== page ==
Julia Trotta for VOL.ONE
I was invited by Austrian artist, Michael Strasser, to write the first text for an ongoing series called Coupé International. The idea behind the project is to create a dialog between New York and Vienna by pairing an artist from each city for an exhibition and catalog. For the inaugural show, Michael selected Maria Walker from New York and Anneliese Schrenk from Vienna, two artists whose work I had never come across before. Once introduced to the artists through dialog and images, the pairing seems appropriate as it brings together two young artists who share sympathies both formally and conceptually in their quest to invent new ways to consider painting. Scraps, remnants, folds and stains are celebrated, not only as formal tools, but as entry points into complex emotional and psychological territory. In the tradition of artists such as Lynda Benglis or Eva Hesse, Walker and Schrenk challenge the (traditionally male) flat picture plane to develop a visual vocabulary related to anthropomorphic traits such as joints, skins, fluids and blemishes. These paintings are flesh and bone.
Like many painters, Maria Walker begins each piece by building a stretcher. But Walker isn’t interested in right angles. She plays with the process, manipulating the wood to construct a kind of skeleton, oftentimes pushing the piece into the third dimension. Unprimed canvas is then wrapped on the stretcher, but the wood below is always present, protruding, pushing, and prodding its way into the composition. Sometimes the result is subtle, other times the wood dominates the painting, refusing to go unnoticed.
In 2012 (52 weeks), fifty-two bulges are worked in to the frame of the stretcher, one for every week of the year. These bulges are carefully articulated along the perimeter of the painting in a spine-like pattern. 2012 (52 weeks) is a piece from Walker’s Calendar paintings, a series wherein the paintings function as a record of time passed. Each space formed between the vertebrae of the stretcher marks a seven-day period in the studio. Walker took the paint she used that week and poured it down its allotted gap, which provided a canal for the paint to flow organically. The stains reveal the rhythm of Walker’s painting practice. Some weeks are extremely dense with pigment while others are left blank.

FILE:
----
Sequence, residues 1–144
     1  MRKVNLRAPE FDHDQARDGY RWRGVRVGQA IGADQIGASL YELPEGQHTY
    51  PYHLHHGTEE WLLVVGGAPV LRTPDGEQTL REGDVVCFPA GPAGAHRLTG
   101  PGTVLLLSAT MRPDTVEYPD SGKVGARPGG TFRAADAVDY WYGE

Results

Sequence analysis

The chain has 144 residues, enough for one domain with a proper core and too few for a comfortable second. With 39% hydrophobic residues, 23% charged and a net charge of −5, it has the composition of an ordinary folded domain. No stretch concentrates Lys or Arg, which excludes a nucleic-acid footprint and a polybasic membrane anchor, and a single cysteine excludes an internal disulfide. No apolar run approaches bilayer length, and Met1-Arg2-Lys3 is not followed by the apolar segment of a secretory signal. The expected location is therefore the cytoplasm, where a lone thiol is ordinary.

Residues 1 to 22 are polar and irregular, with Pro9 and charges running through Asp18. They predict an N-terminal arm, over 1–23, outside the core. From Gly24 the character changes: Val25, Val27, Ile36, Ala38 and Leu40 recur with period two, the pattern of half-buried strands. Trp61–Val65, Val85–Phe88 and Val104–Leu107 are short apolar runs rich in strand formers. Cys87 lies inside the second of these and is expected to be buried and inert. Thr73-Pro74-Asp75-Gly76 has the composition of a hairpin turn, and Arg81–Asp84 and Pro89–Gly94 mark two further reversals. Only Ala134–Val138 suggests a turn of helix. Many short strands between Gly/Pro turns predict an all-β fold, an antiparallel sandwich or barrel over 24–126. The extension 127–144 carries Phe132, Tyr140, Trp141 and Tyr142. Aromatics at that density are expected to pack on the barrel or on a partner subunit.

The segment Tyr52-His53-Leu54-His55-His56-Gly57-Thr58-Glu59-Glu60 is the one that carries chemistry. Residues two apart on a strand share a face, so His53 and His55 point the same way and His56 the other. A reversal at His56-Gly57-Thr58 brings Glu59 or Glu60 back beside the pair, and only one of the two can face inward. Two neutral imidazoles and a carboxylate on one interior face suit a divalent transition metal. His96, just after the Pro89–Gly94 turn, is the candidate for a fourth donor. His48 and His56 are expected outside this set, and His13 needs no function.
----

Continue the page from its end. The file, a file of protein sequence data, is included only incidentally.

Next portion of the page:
Another series marking the artist’s productivity are the Shards. After completing a painting in the studio, Walker collects the scraps and leftover material to use for another, smaller piece. Shards share the same DNA as their parent paintings, and thus could be understood as offspring. Walker’s Shards are smaller, more condensed, and more precious than her larger, more physical paintings. Like humans or animals, the jewel-like paintings often resemble their parents, but on occasion they are surprisingly distinct.
While Walker’s paintings begin with bones, Anneliese Schrenk’s paintings are defined by their skin. Working almost exclusively with leather, the connection to the body is literal. She burns, washes, folds and slashes the flesh in a process that can border on violence, yet the result is always controlled, formal and ultimately serene.